FIRST IMPRESSIONS COUNT
Well, at least that's what happened to me when I tried and opened for the first time "windows explorer", "This interface sucks" was the first thing that hit my head and I was talking about a decade ago one windows version after another . It was boring non friendly and visibly deceptive at the least.
What I wanted was something appealing to my constantly enduring search for a novel look which at the least would allow me to do a minimum of tweaking, personalizing and bottom of the line just make life easier for me.
After this first visual shock, I obviously Goggled for similar software and started downloading trial software of what was out there and by all means it was quite frustrating.
Trial and error, one after the other, load and uninstall, I could not find anything that would fill my expectations, until "eureka" Power Desk Pro 8 showed up.
I've heard of this software years ago through an acquaintance, but really ignored it until now.
Power Desk is what you would call a shell replacement for Windows Explorer. What this means, is that in a glance it shows you your disc or disks environment in its integrity, that's the shell concept.
But having this option would be useless if we could not interact with the interface doing multiple tasks "and I really mean multiple".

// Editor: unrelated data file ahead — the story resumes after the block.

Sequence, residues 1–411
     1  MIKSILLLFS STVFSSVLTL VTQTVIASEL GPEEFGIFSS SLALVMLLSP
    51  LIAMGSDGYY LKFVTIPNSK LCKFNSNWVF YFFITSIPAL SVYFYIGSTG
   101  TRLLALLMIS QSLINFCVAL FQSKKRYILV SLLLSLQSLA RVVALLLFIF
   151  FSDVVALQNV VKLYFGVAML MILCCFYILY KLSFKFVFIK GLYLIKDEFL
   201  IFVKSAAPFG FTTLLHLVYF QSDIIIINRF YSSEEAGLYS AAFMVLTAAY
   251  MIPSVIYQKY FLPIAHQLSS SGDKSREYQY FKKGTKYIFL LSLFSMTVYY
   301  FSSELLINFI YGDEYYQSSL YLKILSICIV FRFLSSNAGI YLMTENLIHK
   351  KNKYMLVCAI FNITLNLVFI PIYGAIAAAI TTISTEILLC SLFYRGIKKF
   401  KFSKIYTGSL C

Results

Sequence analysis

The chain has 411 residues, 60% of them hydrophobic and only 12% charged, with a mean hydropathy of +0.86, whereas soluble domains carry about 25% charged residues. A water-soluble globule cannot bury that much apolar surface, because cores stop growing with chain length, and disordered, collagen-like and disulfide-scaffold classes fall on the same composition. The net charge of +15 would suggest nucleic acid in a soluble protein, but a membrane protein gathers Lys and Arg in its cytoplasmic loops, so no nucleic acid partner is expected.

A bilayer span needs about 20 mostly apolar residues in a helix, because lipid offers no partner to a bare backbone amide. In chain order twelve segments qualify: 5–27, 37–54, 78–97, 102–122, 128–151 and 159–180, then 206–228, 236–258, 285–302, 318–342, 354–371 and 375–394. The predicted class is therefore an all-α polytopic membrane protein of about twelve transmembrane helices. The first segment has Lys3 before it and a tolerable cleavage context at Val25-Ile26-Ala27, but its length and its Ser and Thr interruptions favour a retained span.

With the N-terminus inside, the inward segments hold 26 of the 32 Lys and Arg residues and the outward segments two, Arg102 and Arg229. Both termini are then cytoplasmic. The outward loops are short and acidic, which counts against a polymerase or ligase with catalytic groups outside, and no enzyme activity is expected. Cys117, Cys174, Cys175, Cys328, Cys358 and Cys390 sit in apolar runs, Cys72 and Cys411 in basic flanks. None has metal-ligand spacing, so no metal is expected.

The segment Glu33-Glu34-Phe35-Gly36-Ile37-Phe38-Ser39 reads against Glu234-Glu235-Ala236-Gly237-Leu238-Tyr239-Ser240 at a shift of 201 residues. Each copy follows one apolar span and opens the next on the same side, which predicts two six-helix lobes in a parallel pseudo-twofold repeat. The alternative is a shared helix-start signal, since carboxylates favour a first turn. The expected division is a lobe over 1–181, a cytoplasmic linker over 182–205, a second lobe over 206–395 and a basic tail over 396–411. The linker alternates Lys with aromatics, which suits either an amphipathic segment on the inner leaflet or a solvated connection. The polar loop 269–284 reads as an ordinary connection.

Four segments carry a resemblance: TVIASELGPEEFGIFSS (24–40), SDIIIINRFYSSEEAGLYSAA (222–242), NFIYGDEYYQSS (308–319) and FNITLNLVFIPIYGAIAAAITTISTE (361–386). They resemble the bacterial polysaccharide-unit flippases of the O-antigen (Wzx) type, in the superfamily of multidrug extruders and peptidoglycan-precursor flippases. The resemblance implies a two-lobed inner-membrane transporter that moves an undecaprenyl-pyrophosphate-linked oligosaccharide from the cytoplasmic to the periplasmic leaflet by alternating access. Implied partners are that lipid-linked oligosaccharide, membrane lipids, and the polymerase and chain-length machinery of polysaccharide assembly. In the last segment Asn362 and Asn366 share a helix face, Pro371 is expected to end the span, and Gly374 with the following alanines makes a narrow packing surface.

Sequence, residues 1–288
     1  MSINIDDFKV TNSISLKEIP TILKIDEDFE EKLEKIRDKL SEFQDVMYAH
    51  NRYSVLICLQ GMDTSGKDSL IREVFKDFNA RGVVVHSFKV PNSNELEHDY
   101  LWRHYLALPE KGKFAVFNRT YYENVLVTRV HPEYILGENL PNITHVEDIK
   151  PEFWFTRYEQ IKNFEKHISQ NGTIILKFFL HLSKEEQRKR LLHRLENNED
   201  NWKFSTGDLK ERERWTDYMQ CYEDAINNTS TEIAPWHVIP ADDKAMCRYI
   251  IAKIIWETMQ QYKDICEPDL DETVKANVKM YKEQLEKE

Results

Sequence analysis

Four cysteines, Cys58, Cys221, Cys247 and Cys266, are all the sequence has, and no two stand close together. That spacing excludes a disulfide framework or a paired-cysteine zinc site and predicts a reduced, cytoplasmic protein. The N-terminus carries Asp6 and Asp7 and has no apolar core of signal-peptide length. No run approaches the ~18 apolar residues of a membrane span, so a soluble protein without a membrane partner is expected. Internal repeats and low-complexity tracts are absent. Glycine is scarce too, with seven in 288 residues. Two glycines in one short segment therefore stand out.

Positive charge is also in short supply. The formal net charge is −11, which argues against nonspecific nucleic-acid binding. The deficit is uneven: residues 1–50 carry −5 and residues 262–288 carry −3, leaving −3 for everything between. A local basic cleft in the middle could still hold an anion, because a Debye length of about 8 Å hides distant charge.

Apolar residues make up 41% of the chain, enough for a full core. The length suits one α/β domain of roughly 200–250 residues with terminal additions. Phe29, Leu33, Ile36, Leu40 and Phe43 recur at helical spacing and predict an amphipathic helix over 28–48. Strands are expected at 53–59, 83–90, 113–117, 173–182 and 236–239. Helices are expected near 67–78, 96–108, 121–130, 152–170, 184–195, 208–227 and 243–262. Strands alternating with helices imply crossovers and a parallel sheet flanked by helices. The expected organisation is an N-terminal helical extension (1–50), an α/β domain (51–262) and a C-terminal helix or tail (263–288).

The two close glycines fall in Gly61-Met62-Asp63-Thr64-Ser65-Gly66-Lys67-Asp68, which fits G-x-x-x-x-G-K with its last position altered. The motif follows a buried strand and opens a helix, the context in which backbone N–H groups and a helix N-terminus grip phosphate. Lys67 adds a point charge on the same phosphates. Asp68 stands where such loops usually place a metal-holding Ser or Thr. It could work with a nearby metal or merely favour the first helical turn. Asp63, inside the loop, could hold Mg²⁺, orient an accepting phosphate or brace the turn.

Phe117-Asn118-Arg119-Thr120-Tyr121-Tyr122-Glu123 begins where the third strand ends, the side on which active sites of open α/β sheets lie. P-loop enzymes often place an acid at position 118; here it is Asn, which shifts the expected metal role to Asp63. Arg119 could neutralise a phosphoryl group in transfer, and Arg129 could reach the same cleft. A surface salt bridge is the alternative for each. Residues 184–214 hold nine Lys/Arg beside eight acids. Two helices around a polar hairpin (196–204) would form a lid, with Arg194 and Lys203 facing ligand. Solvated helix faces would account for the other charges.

Some of the things most users want to do with their files without major keystrokes are:
• organize and manage your files and folders
• See at a glance the layout of the drives you have installed
• locate a given folder and within it a file
• see the file size
• see the file or folder path
• compare the layout or shell of two or more discs side by side horizontally or vertically
• manage the files you located between the disks — I mean copy and paste immediately between one and the other
• check the file size and properties
• rename files or folders
• and here's a kicker: you can view the contents of a folder without opening the mother program "wow" this pays for it by its self
• Locate files through a built in search engine
These are just some of the things most computer fans want to do with ease and usually crave for on a daily basis.
If you want a fancy description of what a file manager should do, let me quote what I found in cyberspace searching for this category.
"The File Management category includes software programs designed to manage, delete, recover, convert, move, or monitor your computer files. free space on your drives, create a virtual drive, or compare files and directories. "
Well do your due diligence and you'll find magnificent software with positive reviews from specialized magazines and articles, that do all of these things and much, much more. Find a company that's a leader in the industry which has been around for some time and has an unpredictable name.
It's always bewildered me why a multi-billion dollar company likes Microsoft which has literally hundreds of people developing their products keeps windows Explorer unchanged or at least minimally changed year after year and version after version.
I suppose they're giving leeway for private developers.